Scientists are set to develop a radical new vine after isolating the forgotten half of Pinot Meunier.

Pinot Meunier – which was formed from a spontaneous mutation of the Pinot Noir vine 400 years ago – is responsible for about a third of Champagne production.

Now Australian plant geneticists Paul Boss and Mark Thomas announced last week they have produced a new, high-yielding, vine.

They found that cells taken from the two different layers of the growing tip of the Pinot Meunier shoot create plants with markedly different characteristics. The inner layer cells produce vines indistinguishable from Pinot Noir, while those from the outermost layer produce a vine with vastly increased fruit production and reduced foliage.

This new vine is stocky, has fewer leaves and produces bunches of grapes where other vines produce tendrils. Thomas told decanter.com these grapes are normal size and colour, and ‘look and taste good’. He cautions that ‘they haven’t yet been assessed for winemaking quality as this is the first season we’ve had enough grapes to make a small quantity of wine’.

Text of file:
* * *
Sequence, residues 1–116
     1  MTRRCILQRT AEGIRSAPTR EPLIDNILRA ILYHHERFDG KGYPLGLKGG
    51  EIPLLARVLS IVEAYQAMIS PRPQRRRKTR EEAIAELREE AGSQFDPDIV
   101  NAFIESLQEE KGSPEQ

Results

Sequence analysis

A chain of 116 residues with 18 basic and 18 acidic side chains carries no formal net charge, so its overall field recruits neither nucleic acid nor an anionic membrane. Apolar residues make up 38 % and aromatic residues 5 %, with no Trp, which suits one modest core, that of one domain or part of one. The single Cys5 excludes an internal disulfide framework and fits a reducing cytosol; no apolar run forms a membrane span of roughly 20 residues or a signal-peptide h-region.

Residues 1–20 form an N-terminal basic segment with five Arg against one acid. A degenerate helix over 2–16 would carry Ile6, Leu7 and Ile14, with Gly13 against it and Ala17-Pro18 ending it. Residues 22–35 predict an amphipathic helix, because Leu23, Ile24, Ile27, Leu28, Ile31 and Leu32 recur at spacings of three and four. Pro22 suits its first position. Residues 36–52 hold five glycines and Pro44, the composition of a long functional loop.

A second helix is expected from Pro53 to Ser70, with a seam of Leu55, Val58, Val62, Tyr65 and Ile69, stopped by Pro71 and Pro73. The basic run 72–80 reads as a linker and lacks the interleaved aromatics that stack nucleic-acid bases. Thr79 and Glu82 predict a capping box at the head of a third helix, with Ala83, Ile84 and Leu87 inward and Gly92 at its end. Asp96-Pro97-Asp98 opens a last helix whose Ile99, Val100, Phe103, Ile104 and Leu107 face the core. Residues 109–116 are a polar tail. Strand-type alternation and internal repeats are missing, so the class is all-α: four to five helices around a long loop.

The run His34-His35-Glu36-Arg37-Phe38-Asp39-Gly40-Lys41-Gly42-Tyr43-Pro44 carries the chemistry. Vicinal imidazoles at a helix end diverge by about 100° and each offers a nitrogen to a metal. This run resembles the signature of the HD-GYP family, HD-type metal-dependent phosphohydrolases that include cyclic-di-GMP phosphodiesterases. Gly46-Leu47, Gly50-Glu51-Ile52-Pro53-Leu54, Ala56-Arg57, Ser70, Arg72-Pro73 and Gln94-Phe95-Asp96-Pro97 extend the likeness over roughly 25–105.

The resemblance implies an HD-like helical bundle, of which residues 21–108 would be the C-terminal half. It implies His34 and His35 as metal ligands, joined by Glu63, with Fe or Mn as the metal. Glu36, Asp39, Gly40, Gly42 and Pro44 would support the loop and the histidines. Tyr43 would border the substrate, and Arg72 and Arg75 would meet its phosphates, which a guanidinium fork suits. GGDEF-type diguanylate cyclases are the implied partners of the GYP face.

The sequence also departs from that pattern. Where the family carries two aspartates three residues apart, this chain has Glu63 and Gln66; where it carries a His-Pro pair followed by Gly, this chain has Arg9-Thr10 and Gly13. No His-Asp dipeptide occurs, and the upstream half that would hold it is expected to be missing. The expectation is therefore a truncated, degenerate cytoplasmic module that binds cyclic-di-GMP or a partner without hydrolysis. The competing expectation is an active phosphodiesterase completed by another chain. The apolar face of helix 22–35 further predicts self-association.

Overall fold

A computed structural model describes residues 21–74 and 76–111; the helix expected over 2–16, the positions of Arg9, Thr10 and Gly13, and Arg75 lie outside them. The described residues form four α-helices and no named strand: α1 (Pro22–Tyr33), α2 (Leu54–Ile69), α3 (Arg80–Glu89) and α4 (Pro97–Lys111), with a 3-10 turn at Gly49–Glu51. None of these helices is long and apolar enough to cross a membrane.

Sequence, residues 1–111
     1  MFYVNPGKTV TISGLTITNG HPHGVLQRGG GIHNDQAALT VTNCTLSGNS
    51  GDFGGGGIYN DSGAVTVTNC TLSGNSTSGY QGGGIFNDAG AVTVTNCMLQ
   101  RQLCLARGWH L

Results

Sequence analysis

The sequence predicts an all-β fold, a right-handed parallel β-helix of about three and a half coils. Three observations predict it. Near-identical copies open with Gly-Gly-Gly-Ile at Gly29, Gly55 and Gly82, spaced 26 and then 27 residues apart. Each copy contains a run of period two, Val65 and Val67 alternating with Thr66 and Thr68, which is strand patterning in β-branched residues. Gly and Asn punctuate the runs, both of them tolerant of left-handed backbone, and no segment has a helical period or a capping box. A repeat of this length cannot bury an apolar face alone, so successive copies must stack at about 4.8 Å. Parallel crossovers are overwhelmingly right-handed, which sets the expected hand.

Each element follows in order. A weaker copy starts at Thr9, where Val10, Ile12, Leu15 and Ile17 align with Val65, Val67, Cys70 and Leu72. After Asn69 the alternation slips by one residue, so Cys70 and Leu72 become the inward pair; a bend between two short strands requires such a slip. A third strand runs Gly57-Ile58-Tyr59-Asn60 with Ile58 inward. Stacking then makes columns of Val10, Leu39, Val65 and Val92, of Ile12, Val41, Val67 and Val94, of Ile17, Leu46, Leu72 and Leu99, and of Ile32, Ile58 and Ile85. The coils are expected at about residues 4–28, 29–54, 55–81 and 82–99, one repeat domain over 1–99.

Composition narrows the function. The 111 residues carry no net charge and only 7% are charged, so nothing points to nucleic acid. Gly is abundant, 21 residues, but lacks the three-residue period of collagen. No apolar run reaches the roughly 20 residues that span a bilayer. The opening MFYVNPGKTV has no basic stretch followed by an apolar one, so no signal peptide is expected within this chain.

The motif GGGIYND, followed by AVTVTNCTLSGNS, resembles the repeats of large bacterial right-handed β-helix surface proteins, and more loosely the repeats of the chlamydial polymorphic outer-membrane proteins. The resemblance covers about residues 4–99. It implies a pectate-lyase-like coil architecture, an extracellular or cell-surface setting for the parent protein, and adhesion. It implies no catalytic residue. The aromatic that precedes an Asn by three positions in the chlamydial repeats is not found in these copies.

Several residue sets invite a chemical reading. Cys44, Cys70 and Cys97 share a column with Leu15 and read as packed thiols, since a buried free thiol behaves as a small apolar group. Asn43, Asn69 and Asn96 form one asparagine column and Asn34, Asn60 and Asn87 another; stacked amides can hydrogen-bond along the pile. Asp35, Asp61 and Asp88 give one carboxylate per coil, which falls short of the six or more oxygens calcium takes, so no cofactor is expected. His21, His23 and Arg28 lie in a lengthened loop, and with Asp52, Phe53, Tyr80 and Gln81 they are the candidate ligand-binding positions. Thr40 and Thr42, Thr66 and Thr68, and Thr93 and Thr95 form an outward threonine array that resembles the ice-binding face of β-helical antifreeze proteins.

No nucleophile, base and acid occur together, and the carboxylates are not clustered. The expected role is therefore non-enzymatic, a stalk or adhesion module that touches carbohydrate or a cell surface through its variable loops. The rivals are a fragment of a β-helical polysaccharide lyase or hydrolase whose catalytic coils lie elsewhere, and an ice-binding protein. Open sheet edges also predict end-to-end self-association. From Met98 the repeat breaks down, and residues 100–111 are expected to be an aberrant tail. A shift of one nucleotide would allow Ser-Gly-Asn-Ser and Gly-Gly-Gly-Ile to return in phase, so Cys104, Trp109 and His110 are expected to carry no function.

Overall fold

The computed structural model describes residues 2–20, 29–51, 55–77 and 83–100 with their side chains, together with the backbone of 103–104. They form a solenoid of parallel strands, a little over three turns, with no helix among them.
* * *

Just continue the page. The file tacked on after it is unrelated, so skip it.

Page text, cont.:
As well as increased yield, the new vine is less vigorous, producing fewer leaves. Too much foliage can compete with grape ripening, so growers usually have to prune vines mid-season to control canopy growth. Reduced vigour is a desirable trait, providing there is enough foliage to allow the grapes to ripen.

But Carole Meredith, professor of viticulture and enology at the University of California Davis cautioned that more fruit does not necessarily mean better wine.

She said, ‘This opens a big doorway to understanding the control of fruitfulness but a vine that bears fruit at every node doesn’t really have value. In most

vineyards, the fruit load already has to be reduced every year to keep the quality up.’

The scientists say that if this new vine proves successful, the gene could be transferred to other varieties. But Thomas adds, ‘we don’t really know enough yet’.

According to Boss this novel tissue culture technique could be used to generate new grape varieties. ‘Other varieties may have other interesting characteristics in their separate cell layers,’ he said.

Written by Jamie Goode2 May 2002